Different people respond differently to different types of food. What works for one person may not work so well for another. The best way to see which foods are working for you is to test your blood sugar with a glucose meter.

    To be able to see what effect a particular type of food or meal has on your blood sugar is to do a test before the meal and then test after the meal. A test 2 hours after the meal gives a good idea of how your body has reacted to the meal.

    The blood sugar ranges recommended by NICE are as follows:

    Blood glucose ranges for type 2 diabetes
    • Before meals: 4 to 7 mmol/l
    • 2 hours after meals: under 8.5 mmol/l
    Blood glucose ranges for type 1 diabetes (adults)
    • Before meals: 4 to 7 mmol/l
    • 2 hours after meals: under 9 mmol/l
    Blood glucose ranges for type 1 diabetes (children)
    • Before meals: 4 to 8 mmol/l
    • 2 hours after meals: under 10 mmol/l
    However, those that are able to, may wish to keep blood sugar levels below the NICE after meal targets.

    Access to blood glucose test strips
    The NICE guidelines suggest that people newly diagnosed with type 2 diabetes should be offered:

    • structured education to every person and/or their carer at and around the time of diagnosis, with annual reinforcement and review
    • self-monitoring of plasma glucose to a person newly diagnosed with type 2 diabetes only as an integral part of his or her self-management education

    Therefore both structured education and self-monitoring of blood glucose should be offered to people with type 2 diabetes. Read more on getting access to blood glucose testing supplies.

    You may also be interested to read questions to ask at a diabetic clinic

    Note: This post has been edited from Sue/Ken's post to include up to date information.
    ----------------------------------------------------------------------------------------------------------------------------------------------------

    Please sign our e-petition for free testing for all type 2's; here's the link:
    http://www.diabetes.co.uk/petition/

    Do get your friends and colleagues to sign as well.
     
  7. izzzi

    izzzi Type 2 · Well-Known Member

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    Hi crazymom, :)

    Welcome to the forum,

    You will soon get plenty of advice regarding the importance of test meters.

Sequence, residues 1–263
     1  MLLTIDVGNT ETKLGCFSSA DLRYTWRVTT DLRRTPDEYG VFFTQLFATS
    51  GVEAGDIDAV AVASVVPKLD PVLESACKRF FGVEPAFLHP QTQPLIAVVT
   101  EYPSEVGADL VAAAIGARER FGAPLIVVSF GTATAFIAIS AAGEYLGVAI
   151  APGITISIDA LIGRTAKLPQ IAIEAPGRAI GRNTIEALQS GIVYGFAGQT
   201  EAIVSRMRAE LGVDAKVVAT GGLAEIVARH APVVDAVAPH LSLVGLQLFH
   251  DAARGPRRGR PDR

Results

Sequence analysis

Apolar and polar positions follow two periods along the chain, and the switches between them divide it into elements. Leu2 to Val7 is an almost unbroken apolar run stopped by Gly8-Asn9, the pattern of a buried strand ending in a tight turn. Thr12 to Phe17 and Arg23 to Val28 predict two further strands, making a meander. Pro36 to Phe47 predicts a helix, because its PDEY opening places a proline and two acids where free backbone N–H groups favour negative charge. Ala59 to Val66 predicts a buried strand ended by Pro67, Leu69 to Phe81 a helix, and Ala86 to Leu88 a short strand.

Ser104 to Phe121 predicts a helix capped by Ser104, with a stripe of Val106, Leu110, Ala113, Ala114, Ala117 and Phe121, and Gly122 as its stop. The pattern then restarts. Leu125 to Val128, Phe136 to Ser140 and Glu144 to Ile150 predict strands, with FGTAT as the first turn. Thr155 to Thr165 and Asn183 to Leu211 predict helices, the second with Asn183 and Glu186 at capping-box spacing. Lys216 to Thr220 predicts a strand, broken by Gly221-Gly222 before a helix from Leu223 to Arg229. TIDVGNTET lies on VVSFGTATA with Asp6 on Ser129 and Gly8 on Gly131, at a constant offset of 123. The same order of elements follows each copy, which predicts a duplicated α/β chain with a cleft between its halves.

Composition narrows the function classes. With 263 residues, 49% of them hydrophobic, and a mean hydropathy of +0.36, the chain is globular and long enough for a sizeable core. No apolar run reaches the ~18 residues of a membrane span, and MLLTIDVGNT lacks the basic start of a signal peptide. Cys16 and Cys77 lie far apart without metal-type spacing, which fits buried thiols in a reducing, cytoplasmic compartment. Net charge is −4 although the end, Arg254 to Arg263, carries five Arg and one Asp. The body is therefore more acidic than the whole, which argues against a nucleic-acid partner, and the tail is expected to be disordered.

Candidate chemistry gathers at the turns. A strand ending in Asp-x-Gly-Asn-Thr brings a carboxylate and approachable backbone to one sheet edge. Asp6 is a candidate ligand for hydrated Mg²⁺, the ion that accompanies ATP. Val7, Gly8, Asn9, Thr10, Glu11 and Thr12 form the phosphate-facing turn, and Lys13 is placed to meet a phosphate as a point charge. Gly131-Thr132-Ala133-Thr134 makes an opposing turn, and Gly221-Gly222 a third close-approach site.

If you have to buy one, be careful of the cost as test strips are very expensive.

    Amazon do a very good deal for a "Codefree Blood Glucose Monitor" and 50 test strips for for approx; £25.00p including post.

    Good luck,

    Roy.
     
  8. crazymom

    crazymom · Member

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    Thanks for all your comments. Im feeling overwhelmed by all of this. My GP wasnt great in advising me nor did she explore my ridicilous cholesterol level. I am in tow minds, take Metformin and diet or just diet. Either way she gave me a grim picture.

    My issue with metformin is the lack of carbs you can eat and if you eat to much you have diarrhoea. And by eating less carbs I wont have the enegry to excerise. So I am not sure what to do.
     
  9. rtee

    rtee · Well-Known Member

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    Hi crazymom ,
    Don't beat yourself up about how you've got to where you are. Put your energy into where you're going to be. Like you I was warned but didn't do anything about it and was eventually diagnosed about a year ago.
    I have in the last 3 mths been on this site and adopted a low carb high fat/protein diet. I have also been doing more exercise, even joined the gym! (I'm nearly 65 and in the obese weight range) I have lost about a stone and a half.
    I don't feel hungry at all and have loads more energy than before . I don't eat any bread, pasta,rice etc except on very rare occasions.
    Have a look at the lowcarb section for recipes if you decide to go down that route.
    I'm guessing you may have young children , so you will have lots of running round after them to do!
    I was put straight on metformin and am taking it though I'm hoping to get to the point where I can stop. I don't get diarrhoea at all, in fact if anything the opposite. :(
    We are all different and meds/food affects us all differently. The main thing is to find out what works for you. Ask lots of questions and don't feel awkward about it. There are lots of really good people on here who have done all sorts of things to get their diabetes under control. Weight loss and exercise do seem to be key and to my mind low carbs too.
    Hope you can find YOUR way to good control.